The immune system is a very important part of the body. It’s the important task of defending and protecting the body against disease-causing germs. The immune system-with its system of special cells, proteins, tissues and organs-works hard day in and day out to avoid illness and infection. But there are times when it fails to work optimally, and we get ill consequently.
Everyone has experienced being ill, whether from simple ailments such as colds or the flu, or from something more serious like pneumonia or malaria. This implies that our immune system isn’t always in excellent condition. Sometimes it weakens and we become prone to ailments. At other times it’s strong, so much so that when a viral disease affects everyone around us, we nevertheless stay disease-free. It’s intriguing to learn about it and how it defends, and at times fails to defend, our entire body.
The cells which primarily which make it up are white blood cells known as leukocytes. They’re found in various areas of the body, like the thymus gland, bone marrow and spleen. They’re also in lymph nodes located throughout the body. Like soldiers, these white blood cells circulate throughout the body, monitoring a variety of places for the existence of “antigens” that identify dangerous foreign microorganisms.
When they discover an antigen, they create “antibodies” to attack the foreign bodies. Phagocytes are specialized white blood cells which neutralize invading entities by gobbling them up. Lymphocytes are another sort of white blood cells which”remember” previous invaders and handle them when they try another round of attack against the body.
Sometimes, these leukocytes or other pieces of it weaken, and the body becomes more vulnerable to various infections. Deadly germs can certainly colonize certain areas of the body and wreck havoc there. People that are “immunocompromised” are individuals that have a weak or compromised immune system. Examples are individuals with AIDS, cancer sufferers undergoing chemotherapy, and those about to get organ transplants.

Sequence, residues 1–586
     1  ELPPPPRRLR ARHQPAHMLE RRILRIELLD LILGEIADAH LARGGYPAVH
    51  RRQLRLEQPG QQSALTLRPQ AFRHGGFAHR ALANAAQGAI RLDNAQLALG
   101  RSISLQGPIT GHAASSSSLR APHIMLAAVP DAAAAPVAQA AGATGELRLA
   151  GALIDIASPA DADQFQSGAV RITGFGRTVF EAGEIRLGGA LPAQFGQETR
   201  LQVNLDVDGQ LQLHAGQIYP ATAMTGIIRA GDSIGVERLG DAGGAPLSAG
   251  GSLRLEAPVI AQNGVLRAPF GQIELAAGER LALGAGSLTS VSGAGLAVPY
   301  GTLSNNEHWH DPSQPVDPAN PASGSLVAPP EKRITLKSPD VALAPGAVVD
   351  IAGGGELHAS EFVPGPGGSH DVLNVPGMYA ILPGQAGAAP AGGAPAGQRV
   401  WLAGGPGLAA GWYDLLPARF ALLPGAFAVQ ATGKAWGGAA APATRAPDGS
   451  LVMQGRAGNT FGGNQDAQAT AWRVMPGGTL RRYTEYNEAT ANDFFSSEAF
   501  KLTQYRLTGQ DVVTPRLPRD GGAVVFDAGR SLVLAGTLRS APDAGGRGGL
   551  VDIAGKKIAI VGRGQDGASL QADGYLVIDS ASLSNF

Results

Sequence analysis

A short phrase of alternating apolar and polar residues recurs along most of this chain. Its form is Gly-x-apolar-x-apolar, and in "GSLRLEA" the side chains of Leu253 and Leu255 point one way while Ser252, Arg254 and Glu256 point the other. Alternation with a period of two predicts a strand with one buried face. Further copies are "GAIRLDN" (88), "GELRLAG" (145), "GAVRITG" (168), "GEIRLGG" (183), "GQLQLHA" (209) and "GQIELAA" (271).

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Many medications, like those for cancer, suppress it. Milder forms of immunocompromise are more commonplace and influence nearly everyone from time to time. When we are stressed, tired or depressed, our immune system suffers. This can also be caused by inadequate diet, lack of sleep or rest, and physical fatigue. Marathoners, by way of instance, are known to be particularly prone to infections after conducting the complete 42-kilometer race.
Dieters who deprive themselves of essential nutrients are also more susceptible to different sorts of illness. And studies have shown that depressed men and women are immunocompromised because the nervous system directly affects the immune system. Even aging tends to reduce the strength of the system, according to older people who tend to get ill more easily. Apparently, a great deal of things in our own lives can sap it.
The most common offenders being anxiety, exhaustion and poor diet, we could compensate by trying to lower our anxiety, get enough rest, and eat balanced meals. We can also take nutritional supplements that boost the immune system, such as multivitamins. We should all take decent care of our immune system, so we can remain healthy and disease-free.